BankM underwrote the listing of Youbisheng Green Paper, which initiated insolvency proceedings earlier this year after its CEO went absent without explanation.

Chinese fashion group Kinghero, also underwritten by BankM, accused its former chief executive of breach of fiduciary trust back in January and later delisted.

Ultrasonic’s German auditors, BDO, declined to comment, saying they had only recently been appointed and were not allowed to discuss an ongoing client relationship. Warth & Klein Grant Thornton, the company’s previous auditors, said they never comment on individual client relationships.

“We are in a difficult situation” said Ultrasonic finance chief Chi Kwong Clifford Chan, who on Sept. 16 sounded the alarm in an urgent notice to investors.

Efforts to contact other company officials in Germany were unsuccessful. “I’m not authorised to speak to you, we only collect the mail,” said a female employee at Duesseldorf-based auditing and advisory firm BPG mbH, listed as the relevant address for Ultrasonic in Germany on its regulatory statement.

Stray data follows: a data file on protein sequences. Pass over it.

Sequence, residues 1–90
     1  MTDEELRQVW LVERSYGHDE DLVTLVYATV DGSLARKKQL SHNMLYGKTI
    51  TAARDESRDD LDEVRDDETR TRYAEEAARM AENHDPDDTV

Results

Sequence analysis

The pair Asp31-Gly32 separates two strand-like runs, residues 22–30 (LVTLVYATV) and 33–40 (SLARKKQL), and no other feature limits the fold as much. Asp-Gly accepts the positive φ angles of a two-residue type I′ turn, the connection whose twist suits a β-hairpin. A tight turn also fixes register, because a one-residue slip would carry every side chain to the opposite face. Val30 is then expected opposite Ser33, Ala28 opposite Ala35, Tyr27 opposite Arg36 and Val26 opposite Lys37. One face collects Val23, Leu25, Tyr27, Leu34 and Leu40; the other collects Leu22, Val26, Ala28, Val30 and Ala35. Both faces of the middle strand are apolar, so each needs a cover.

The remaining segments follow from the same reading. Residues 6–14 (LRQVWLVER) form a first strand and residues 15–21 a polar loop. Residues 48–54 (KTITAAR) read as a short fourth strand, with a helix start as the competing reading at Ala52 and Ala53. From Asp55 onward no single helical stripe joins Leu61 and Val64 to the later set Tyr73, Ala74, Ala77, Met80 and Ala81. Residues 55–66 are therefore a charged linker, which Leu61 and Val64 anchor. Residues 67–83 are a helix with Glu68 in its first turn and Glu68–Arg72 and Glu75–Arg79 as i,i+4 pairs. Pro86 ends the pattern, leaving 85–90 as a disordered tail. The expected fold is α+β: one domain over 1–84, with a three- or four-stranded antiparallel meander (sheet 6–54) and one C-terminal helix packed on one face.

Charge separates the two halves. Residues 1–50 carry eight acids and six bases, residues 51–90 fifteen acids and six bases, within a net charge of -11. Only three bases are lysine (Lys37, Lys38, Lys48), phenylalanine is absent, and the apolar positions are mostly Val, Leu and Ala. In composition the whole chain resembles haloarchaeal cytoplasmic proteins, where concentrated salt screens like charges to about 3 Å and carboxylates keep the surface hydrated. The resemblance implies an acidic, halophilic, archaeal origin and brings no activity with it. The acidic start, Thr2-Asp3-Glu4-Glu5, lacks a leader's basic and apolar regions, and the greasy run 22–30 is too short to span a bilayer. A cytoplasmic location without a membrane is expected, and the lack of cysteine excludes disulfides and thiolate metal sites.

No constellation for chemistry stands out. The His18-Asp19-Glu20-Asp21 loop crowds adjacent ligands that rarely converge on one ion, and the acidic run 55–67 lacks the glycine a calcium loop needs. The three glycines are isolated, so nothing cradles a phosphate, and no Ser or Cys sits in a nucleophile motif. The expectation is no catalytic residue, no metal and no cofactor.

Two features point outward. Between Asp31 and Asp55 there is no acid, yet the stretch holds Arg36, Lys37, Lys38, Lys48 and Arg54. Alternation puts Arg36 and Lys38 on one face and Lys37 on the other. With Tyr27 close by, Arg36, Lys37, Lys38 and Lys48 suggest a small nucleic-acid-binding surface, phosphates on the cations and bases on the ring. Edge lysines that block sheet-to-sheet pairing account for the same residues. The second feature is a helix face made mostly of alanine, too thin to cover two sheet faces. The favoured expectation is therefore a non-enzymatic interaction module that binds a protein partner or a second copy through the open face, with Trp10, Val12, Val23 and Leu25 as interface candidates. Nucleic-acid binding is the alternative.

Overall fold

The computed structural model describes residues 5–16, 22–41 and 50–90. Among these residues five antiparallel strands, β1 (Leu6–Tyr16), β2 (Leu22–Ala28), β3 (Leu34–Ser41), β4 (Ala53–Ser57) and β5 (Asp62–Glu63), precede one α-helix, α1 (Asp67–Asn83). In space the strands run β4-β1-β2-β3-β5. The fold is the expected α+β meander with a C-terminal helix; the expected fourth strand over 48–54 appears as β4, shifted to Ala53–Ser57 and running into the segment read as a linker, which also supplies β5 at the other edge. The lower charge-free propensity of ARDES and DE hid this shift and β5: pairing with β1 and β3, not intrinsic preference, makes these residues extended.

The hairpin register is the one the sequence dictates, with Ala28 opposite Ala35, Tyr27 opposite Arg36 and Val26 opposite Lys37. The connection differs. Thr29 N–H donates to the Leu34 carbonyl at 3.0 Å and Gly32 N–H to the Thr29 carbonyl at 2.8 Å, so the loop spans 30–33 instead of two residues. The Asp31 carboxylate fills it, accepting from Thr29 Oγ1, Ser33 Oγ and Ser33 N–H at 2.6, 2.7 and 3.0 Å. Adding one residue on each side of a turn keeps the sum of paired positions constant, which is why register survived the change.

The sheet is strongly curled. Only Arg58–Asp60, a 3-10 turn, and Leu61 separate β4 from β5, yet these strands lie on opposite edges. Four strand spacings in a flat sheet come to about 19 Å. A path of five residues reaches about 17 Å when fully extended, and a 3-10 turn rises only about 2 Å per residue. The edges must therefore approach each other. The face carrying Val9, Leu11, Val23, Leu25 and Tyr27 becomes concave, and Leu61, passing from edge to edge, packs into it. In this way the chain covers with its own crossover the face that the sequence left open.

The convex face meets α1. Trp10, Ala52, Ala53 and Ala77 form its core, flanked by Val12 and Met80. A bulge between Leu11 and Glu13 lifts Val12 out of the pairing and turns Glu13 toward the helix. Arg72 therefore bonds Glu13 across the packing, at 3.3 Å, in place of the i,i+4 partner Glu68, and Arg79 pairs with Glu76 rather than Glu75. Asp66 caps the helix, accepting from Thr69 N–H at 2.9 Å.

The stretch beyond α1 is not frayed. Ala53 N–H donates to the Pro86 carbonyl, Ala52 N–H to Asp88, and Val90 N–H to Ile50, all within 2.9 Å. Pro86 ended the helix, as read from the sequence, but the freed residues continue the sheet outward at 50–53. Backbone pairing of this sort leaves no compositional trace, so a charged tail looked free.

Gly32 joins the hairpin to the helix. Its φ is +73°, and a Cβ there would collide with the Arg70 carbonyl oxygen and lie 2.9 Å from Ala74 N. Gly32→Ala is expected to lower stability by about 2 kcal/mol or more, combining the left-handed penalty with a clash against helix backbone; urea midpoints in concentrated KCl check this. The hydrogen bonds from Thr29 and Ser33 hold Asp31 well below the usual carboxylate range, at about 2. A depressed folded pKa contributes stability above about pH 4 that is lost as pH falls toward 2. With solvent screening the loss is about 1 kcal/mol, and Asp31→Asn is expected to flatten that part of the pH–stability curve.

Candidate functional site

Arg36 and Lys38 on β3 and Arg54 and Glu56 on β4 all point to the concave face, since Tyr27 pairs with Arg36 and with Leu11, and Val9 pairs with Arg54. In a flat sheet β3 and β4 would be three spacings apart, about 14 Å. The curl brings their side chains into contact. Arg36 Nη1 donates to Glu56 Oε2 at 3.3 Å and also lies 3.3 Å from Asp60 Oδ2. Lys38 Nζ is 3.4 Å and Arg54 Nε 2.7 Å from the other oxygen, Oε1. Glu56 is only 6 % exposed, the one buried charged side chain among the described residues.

Businessman Peter Klee, 57, told Reuters he bought 1,000 Ultrasonic shares in 2011 for around 9,000 euros. He is urging Germany’s small shareholder association SdK to press for a ban on any Chinese company from listing in Frankfurt until shareholders of Ultrasonic and other scandals are compensated.

“I’ll never buy Chinese shares again,” he said.

(1 US dollar = 0.7796 euro)

Additional reporting by Alexander Huebner in Frankfurt and Matthias Inverardi in Dusseldorf; additional writing by Thomas Atkins; editing by Georgina Prodhan and Philippa Fletcher

Our Standards: The Thomson Reuters Trust Principles.